Exclusive: ProtonMail creator says attempts to rein in Big Tech ‘only tackle 5% of the problem’

The founder of Proton, the company behind ProtonMail and ProtonVPNcriticized the EU’s latest attempts to curb the power of Big Tech.

In an exclusive interview with Tech Radar ProAndy Yen described the Digital Markets Bill (DMA) as “a huge benefit to society, but also a missed opportunity”.

“The EU hasn’t gone far enough, and that’s a big problem, because it’s once-in-a-generation legislation,” he said.

The power of default

The DMA is a piece of legislation that should soon be enshrined in EU law and aims to limit the power of so-called “guardians of technology” – such as Apple, Meta and Google – who are accused of utilize their market position and wealth of resources. to oust smaller competitors.

The vise grip held by these companies across a range of platforms and product types is said to limit the potential of companies like Proton, which offer privacy-centric solutions. E-mail, vpn, online storage and schedule services, to drive large volumes of users away from US tech giants.

According to Yen, although the DMA has a positive effect on the availability of alternative services, the EU made a crucial mistake by not addressing the ability of platform operators to “self-prefer” their own services.

In reality, regardless of the breadth of alternatives available, the vast majority of users will never stray far from the default. In effect, this means that companies competing in the same categories as the biggest tech companies are unlikely to make any real breakthroughs, no matter how good their services are.

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“If antitrust regulation doesn’t address failures, it’s only addressing 5% of the problem. It really is the elephant in the room,” Yen told us.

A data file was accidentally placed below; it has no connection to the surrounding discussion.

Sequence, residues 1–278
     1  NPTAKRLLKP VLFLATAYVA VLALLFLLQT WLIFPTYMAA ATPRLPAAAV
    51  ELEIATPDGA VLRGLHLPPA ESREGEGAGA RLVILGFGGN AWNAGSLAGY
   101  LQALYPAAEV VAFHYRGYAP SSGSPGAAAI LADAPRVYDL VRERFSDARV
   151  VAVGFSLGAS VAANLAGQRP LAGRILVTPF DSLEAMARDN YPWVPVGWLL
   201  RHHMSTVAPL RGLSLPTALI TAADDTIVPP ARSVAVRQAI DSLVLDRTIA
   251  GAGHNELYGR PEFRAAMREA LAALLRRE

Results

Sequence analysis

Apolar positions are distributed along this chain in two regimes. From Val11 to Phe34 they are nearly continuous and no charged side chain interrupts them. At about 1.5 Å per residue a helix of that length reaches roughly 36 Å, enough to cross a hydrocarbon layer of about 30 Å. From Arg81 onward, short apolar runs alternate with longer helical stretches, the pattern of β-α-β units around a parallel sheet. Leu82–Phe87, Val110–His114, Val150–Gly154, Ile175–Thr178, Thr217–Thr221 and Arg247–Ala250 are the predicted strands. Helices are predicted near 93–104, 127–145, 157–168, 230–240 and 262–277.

“[On Android], email is the thing that ties the entire Google ecosystem together, but DMA doesn’t prohibit Google from self-preferring for Gmail. If you don’t tackle this coin, you don’t break the monopoly.

A new model for regulators

A significant part of the problem is that regulators lack the level of technical expertise needed to unravel the complexity of the issues at hand, Yen added. And he also thinks regulators need to rethink the process for setting new legislation, depending on how fast the tech industry is growing.

“The way legislation worked was you made giant historical legislation and then left it alone for a century. But this old model is not compatible with today’s world, which is changing so quickly.

“We need policymakers to think differently, with policies updated every one or two years rather than once in a generation. An iterative and therefore more agile approach is what is needed.

Asked about the feasibility of this type of approach, given the number of moving parts and the need for every piece of legislation to be properly ratified, Yen suggested it was important to keep the bigger picture in mind.

“It shouldn’t be about feasibility, it should be about what’s needed. Otherwise, your economy will be dominated by a handful of companies,” he said. “We have the duty and the obligation to legislate correctly.”

A transcript of TechRadar Pro’s full conversation with Andy Yen will be released in the coming weeks.

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